I thought the way to undo a \def was to define it to \relax, but that does not appear to work. Also, am not sure why this produces no output if I try to use \def instead of \let in my attempt to do an undef.




    % Do stuff that uses \ProcessCaseA
    %\def\ProcessCaseA\relax% no output if use this, and comment next line
    \let\ProcessCaseA\relax% no output if comment this, and use above line

% Now do stuff that requires \ProcessCaseA NOT be defined
    ERROR: \textbackslash ProcessCaseA is still defined
    SUCCESS: \textbackslash ProcessCaseA is not defined


3 Answers 3


The macro \ifdefined is not part of basic TeX, so I suppose you are getting it from eTeX. In that case, you should consider using the etoolbox package, which provides a few wrapper functions \ifdef{\macro}{true}{false} and \ifundef{\macro}{true}{false}. The etoolbox manual tells me that the latter has the convenient effect of registering a macro \let to \relax as being "undefined", which sounds like what you want.

Alternatively, depending on the situation, if you truly wish to erase a macro from TeX's memory, you can define it in a group and then leave the group. Note that this is quite different from \letting it to \relax, since if TeX tries to read \macro before it has ever been \def'd or \let, it will raise an error, while if you have written \let\macro=\relax, it will just do nothing.

  • Adding \begingroup and \endgroup worked great. Thanks. Commented Jun 14, 2011 at 0:22
  • 11
    etoolbox also has \undef.
    – Philipp
    Commented Jun 14, 2011 at 5:27
  • @Philipp: so it does! I never went to that section of the manual.
    – Ryan Reich
    Commented Jun 14, 2011 at 13:53
  • 4
    @RyanReich Could you update your answer including an example of the use of \begingroup and \endgroup? I understand the spirit, but I'm having problems implementing it! Thank you.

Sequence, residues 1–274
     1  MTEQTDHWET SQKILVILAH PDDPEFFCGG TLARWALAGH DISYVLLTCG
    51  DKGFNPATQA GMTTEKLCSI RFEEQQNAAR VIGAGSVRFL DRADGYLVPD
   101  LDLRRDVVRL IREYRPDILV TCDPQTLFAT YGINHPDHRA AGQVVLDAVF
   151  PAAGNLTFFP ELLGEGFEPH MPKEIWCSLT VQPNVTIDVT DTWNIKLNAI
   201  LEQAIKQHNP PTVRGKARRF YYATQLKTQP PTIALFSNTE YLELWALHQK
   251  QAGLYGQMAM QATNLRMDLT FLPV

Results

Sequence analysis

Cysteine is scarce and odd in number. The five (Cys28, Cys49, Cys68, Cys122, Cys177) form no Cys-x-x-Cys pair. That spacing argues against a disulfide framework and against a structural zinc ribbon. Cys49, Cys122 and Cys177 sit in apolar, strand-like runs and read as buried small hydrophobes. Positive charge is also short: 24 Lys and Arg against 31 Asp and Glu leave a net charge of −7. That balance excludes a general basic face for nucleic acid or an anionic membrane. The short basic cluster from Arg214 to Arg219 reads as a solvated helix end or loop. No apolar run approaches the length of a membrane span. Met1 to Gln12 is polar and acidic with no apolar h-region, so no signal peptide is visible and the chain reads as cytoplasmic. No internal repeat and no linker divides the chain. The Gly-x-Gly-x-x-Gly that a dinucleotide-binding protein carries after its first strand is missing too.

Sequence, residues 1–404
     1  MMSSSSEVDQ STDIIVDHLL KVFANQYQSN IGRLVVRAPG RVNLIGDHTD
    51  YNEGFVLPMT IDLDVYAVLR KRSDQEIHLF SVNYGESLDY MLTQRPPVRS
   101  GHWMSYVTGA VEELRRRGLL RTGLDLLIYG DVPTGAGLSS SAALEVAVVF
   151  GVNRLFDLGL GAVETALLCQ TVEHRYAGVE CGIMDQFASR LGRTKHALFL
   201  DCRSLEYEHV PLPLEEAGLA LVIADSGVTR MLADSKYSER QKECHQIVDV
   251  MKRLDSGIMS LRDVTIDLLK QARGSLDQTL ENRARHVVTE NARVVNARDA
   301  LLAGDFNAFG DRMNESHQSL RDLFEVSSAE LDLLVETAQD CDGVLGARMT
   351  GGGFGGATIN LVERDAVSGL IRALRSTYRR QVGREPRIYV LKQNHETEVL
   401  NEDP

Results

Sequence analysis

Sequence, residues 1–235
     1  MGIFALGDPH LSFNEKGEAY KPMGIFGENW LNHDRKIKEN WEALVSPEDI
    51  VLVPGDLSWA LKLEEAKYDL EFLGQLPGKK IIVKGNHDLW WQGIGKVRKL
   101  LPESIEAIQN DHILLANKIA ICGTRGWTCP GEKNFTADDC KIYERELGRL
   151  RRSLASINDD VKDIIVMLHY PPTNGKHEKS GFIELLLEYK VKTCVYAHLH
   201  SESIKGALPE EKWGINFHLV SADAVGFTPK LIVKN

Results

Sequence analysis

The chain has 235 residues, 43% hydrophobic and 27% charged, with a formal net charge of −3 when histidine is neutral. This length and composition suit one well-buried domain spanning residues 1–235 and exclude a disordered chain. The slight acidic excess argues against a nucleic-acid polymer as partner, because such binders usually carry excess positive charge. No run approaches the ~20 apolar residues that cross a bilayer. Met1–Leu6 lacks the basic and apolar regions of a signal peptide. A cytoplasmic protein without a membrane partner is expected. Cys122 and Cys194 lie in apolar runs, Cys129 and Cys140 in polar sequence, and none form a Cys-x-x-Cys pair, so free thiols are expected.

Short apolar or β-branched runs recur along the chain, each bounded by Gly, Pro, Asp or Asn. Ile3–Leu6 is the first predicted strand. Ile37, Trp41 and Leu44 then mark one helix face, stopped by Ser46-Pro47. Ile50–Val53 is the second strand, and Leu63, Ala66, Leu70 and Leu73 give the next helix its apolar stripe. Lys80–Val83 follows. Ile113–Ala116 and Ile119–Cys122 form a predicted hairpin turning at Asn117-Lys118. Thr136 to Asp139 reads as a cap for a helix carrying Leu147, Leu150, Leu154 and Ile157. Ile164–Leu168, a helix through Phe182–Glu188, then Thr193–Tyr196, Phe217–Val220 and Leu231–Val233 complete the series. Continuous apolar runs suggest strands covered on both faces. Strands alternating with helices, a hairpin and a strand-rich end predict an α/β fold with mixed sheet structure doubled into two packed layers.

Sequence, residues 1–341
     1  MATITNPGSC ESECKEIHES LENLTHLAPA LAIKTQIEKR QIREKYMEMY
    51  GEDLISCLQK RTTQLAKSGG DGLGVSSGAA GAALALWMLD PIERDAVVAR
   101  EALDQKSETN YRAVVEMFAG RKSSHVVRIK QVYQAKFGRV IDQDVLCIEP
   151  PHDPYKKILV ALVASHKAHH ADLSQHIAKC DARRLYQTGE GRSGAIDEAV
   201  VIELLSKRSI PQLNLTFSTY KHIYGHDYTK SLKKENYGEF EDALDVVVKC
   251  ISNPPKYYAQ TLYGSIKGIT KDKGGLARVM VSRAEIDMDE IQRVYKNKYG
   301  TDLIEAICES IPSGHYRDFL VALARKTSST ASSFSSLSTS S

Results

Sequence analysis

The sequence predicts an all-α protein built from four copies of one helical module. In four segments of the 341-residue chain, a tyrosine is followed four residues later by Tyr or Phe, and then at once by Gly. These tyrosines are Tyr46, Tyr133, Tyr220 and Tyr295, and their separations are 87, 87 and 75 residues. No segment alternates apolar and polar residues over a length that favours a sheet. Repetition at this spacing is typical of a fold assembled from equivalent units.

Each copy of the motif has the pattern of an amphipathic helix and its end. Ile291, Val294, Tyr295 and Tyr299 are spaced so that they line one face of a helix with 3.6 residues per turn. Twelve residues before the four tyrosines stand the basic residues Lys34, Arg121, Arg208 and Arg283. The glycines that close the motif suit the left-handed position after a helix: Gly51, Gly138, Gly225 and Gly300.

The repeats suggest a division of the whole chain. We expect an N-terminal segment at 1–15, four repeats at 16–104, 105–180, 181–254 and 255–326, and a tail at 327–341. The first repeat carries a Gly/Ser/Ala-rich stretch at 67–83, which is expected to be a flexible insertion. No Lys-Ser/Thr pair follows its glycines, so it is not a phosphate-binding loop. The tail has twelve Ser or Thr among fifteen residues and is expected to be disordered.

– Dox
    Commented Apr 24, 2015 at 12:08
  • 1
    Note, the "define in group then leave group" solution as far as I can see only works when the original definition can be moved inside a group. If it's already defined globally/in the current level, no amount of group manipulating can undefine it. //
    – user202729
    Commented Oct 25, 2022 at 16:39

You need to let it to undefined, not relax, try this

  \expandafter\let\csname #1\endcsname\@undefined}

See comments by Ulrich below for some caveats.

  • 12
    ... conditional on the fact that no control sequence named \@undefined is defined. (But I think that's assumed at some places in the kernel as well, so \def\@undefined{} would likely break a lot of stuff anyway, so the user will notice.) Commented Jun 14, 2011 at 7:09
  • 12
    @UlrichSchwarz The command \@undefined is used more than 800 times in my texmf tree, so it is a good assumption.
    – yo'
    Commented Mar 6, 2012 at 10:23

The assignment \let\xyz\relax makes \xyz "undefined" as far as the \@ifundefined test is concerned. So

\@ifundefined{xyz}{LaTeX undefined}{LaTeX defined}\par
\ifdefined\xyz e-TeX defined\else e-TeX undefined\fi\par
\ifcsname xyz\endcsname e-TeX defined\else e-TeX undefined\fi\par

would print

LaTeX undefined
e-TeX defined
e-TeX defined

The only safe way to "undefine" a command is to define it inside a group: at the end of it the definition will vanish. There is \undef in etoolbox that relies on the fact that a specific control sequence (\etb@undefined) will never be defined by anybody.

Choosing between the \@ifundefined and \ifdefined tests is a matter of convenience and mostly depends on what you need. Notice that the argument to \@ifundefined is the macro's name, without the backslash.

  • @tohecz It undefines the command, unless \@undefined has received a meaning. It's the same as etoolbox's \undef.
    – egreg
    Commented Nov 24, 2013 at 0:03
  • Is there a latex3 equivalent? If I have for example \l_prefix_foo_skip as in your answer here.
    – user49901
    Commented Dec 10, 2017 at 17:21
  • @Grimler Why would you want to undefine a register name?
    – egreg
    Commented Dec 10, 2017 at 19:10

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